From the Field: Perseverance

From the Field is a bi-monthly column written by Mark Campbell, Farm Bureau Field Services Director for the Central District. He writes about Farm Bureau member benefits and County Farm Bureau activities.

Perseverance is defined as “continued effort to do or achieve something despite difficulties, failure, or opposition.”  Farm Bureau is thankful to have numerous volunteers and county Farm Bureaus that have the quality of perseverance. 

Perseverance in many cases is a key factor in farming and ranching.  Despite challenges, farmers and ranchers keep plowing forward with a hopeful heart and confidence in doing the right thing.  One example of perseverance that I want to share with you is from Fluvanna County. 
Fluvanna is a county just southeast of Charlottesville and has not had a vocational-agriculture class in the school system since the year 2000.  Residents say the class was mostly mechanical and wood trades with very little agriculture.  A FFA chapter hasn’t been present in decades.  While Fluvanna was lacking an agriculture program and FFA, counties adjacent to it, such as Louisa and Nelson, had extremely strong agriculture and FFA programs. Many of the residents wanted to see an agriculture class in Fluvanna schools again.
Fluvanna County Farm Bureau (FCFB) knew that things had to change, and it would be up to them to make it happen.  There had been a growing 4-H program, especially in the equine area.   
Discussions on how to implement an agriculture curriculum started in 2007.  In 2008, serious planning started.  Dr. Glenn Anderson, Agriculture Education Specialist for the Virginia Department of Education, met with the board of directors and informed them of the various agriculture curriculum tracks that were available and key people in the school system to meet. 
FCFB took every opportunity to lobby the school board and board of supervisors members for an agriculture program.  FCFB leveraged their lobbying efforts by having a $1,000 scholarship available to any high school student who planned to pursue a college degree in a college of agriculture.  Furthermore, FCFB assisted with funding a small hydroponics project that was actually part of a math business class.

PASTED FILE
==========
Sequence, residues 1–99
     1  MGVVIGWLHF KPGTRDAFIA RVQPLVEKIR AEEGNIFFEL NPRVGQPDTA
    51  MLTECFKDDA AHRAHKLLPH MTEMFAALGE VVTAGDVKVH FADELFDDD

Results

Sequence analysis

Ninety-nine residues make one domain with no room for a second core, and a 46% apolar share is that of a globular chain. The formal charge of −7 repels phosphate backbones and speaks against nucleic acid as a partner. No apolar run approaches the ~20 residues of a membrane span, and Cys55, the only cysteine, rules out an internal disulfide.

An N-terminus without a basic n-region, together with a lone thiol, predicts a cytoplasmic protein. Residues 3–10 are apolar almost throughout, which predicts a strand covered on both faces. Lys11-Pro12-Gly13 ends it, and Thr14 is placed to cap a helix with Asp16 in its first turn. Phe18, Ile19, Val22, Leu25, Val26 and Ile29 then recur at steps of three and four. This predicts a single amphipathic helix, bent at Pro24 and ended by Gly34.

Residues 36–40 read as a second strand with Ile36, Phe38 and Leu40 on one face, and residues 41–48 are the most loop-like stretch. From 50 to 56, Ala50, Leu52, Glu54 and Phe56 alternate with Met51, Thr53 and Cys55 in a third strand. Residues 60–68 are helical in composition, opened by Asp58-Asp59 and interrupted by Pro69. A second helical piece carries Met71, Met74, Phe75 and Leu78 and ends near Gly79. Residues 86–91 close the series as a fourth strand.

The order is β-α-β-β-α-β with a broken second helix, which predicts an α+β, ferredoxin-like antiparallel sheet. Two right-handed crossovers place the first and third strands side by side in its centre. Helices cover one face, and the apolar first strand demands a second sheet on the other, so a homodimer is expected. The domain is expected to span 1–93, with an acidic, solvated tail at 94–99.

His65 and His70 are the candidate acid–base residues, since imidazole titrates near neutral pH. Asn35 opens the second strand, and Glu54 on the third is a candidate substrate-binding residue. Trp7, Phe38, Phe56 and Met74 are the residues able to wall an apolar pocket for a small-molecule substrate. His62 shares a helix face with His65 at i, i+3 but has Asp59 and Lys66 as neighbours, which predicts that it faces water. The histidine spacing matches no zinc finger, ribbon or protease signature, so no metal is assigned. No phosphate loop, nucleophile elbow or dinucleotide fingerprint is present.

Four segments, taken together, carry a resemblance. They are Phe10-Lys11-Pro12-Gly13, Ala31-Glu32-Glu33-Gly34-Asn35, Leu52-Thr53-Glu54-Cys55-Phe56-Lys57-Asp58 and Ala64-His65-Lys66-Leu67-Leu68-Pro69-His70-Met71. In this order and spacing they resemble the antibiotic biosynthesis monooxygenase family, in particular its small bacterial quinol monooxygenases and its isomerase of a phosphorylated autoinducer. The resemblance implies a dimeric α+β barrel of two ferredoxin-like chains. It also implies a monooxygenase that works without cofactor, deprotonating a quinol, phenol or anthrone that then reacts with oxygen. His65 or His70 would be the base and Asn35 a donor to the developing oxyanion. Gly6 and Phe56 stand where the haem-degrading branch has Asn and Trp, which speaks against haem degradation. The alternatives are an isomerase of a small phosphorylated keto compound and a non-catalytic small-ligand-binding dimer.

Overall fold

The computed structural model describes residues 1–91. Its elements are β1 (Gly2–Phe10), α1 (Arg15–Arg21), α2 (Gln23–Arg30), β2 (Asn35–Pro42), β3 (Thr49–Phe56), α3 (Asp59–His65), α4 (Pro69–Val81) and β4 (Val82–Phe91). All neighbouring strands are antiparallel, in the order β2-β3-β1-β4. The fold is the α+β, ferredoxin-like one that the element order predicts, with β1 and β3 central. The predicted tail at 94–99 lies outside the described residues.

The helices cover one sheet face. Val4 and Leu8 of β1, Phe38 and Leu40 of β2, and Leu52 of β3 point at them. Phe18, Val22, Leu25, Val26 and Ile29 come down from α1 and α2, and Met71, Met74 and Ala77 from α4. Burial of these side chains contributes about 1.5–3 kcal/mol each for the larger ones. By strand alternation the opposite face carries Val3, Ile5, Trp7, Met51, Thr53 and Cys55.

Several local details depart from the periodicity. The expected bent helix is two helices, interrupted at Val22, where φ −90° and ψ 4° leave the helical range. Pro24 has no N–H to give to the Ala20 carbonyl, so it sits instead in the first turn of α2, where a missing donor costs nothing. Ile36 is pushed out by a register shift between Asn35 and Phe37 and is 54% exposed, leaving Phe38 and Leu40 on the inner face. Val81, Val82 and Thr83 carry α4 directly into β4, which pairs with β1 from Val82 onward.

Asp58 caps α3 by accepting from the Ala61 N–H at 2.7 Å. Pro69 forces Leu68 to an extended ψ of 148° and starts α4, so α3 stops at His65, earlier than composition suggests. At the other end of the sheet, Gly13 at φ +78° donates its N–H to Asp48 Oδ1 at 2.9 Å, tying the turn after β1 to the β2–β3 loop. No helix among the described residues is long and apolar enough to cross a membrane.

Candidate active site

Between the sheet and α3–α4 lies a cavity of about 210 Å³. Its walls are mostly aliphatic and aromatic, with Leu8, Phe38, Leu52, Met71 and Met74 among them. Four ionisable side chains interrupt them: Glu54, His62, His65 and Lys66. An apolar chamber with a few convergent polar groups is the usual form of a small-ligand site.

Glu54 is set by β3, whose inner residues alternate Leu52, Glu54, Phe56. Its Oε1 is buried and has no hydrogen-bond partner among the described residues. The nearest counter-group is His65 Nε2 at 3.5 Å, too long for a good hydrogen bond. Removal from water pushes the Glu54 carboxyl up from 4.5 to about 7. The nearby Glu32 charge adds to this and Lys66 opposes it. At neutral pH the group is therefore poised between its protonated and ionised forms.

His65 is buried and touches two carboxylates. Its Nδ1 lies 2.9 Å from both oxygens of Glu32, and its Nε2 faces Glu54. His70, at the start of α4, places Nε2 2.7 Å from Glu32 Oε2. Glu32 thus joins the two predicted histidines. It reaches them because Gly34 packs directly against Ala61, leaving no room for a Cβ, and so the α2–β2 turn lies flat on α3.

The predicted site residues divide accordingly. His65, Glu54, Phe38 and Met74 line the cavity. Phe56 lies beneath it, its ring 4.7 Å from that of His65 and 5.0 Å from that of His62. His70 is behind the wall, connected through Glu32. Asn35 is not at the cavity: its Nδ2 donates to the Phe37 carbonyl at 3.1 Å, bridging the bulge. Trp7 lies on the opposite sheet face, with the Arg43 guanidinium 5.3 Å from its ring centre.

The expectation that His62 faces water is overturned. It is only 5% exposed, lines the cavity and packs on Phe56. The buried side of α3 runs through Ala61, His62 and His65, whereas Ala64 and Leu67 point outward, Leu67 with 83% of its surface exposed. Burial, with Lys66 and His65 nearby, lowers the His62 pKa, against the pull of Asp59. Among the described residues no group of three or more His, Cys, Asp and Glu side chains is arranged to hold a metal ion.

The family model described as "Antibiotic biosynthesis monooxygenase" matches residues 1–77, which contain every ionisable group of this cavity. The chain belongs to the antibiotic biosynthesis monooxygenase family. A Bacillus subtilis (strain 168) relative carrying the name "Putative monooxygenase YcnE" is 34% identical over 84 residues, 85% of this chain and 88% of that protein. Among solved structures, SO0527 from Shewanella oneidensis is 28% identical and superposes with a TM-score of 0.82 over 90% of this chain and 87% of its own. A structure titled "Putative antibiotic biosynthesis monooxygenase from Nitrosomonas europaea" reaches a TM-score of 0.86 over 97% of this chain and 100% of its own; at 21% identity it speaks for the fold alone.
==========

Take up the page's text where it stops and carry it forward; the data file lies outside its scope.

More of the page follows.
FCFB partnered with the extension agent and 4-H agent to further the cause.  The partnership hosted an “Agriculture Open House” at the middle school.  This open house had a rotation of classes that visited numerous stations that described what types of careers and opportunities fell under the broad title, agriculture.  The survey (conducted by school administration) response afterwards from the students revealed strong support for an agriculture class to be offered.
 FCFB had Virginia State FFA officers at one of their annual meetings to make the case for an agriculture class and FFA.  If you have heard a state FFA officer speak, you know what polished speakers they are.  FCFB made it a point to invite the key school staff, school board, and board of supervisors to hear the message.
This effort was not without challenges.  The message that FCFB was making seemed to often fall on deaf ears for the first few years.  Several reasons provided as to why an agriculture program was not realistic ranged from there being no interest to lack of funding.  There were times when it was appropriate to step back for a while, and take a break from it. 
FCFB persevered for six years and finally achieved success this year when a horticulture teacher was hired.  The class is available to grades 8-12 and current enrollment is 106 students.  A new large greenhouse is being constructed this fall. 
FCFB obviously plans to continue its support of this class now that it has been established.  Hopefully a FFA chapter will follow.
We can all feel overwhelmed at times with all that we have to do.  But I think the best strategy is to break it down in segments.  Little successes over time will lead to accomplishing that goal that seemed daunting at the start.
Until next time,

Mark

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